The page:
According to the PNF’s bylaws, the fund was founded with the establishment of the PLO in 1964 as its Ministry of Finance. Headed by Ramzi Khouri, who was appointed by Palestinian President Mahmoud Abbas in 2005, the PNF oversees the PLO’s financial activities, in terms of revenue and expenses. It also played a major role in supporting the first intifada in 1987 by sending money to the families of the victims who were killed by the Israeli army during this intifada, as well as to the wounded and the Palestinian prisoners. In addition, it has provided aid to Palestinian organizations in occupied territories, and it has provided medical services for the wounded and the families of victims.

Although there are no accurate figures about the amount of money the PNF holds, a prominent Palestinian official in Ramallah told Al-Monitor on condition of anonymity, “The PNF’s annual budget, which it gets from the PA’s general budget, amounts to $250 million. It is distributed to the PLO’s institutions, notably the political department, the Red Crescent, the bodies handling the affairs of refugees, Jerusalem, negotiations, churches, expatriates, prisoners and their families, and representative embassies abroad, as well as [salaries] for the PNF’s 500 employees.”

Khalil Shaheen, the director of the research department at the Palestinian Center for Policy Research and Strategic Studies (Masarat), told Al-Monitor, “The Israeli decision’s political dimension is much more important than its economic one. It aims to impede the efforts made by US President Donald Trump, as well as impose a new approach on the peace process. The negotiation process will now become a debate on security issues and the pursuit of terrorism. However, it would be difficult for Israel to ban the PNF since it does not only operate in the West Bank and the Gaza Strip, but also outside Palestinian territories, in countries such as Jordan, Lebanon, Syria and elsewhere. This may also raise a problem for Israel's relationship with Palestinian banks in the West Bank and the Gaza Strip, since these handle the PNF’s transactions.”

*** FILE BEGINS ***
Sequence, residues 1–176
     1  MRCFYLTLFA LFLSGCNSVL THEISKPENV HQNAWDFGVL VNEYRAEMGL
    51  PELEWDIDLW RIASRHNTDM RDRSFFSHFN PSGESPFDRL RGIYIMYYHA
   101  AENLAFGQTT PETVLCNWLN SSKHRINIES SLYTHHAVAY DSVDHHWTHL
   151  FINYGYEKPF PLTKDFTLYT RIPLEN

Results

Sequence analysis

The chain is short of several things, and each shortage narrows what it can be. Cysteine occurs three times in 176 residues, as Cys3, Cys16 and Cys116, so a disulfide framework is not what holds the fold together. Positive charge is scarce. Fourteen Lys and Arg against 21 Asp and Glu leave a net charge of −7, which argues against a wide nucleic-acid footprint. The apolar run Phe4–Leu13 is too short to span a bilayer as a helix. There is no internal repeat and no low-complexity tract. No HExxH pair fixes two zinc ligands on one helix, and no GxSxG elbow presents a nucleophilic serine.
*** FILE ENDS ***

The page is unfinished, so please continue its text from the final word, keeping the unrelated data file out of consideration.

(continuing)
Wasel Abu Youssef, a member of the PLO’s Executive Committee and secretary-general of the Palestinian Liberation Front, told Al-Monitor, “The Palestinian response to the Israeli decision should be canceling all security, political and economic agreements with Israel, which the latter uses to serve its own interests only. This Israeli decision reveals an occupational mentality that aims to wage a comprehensive war against Palestinians.”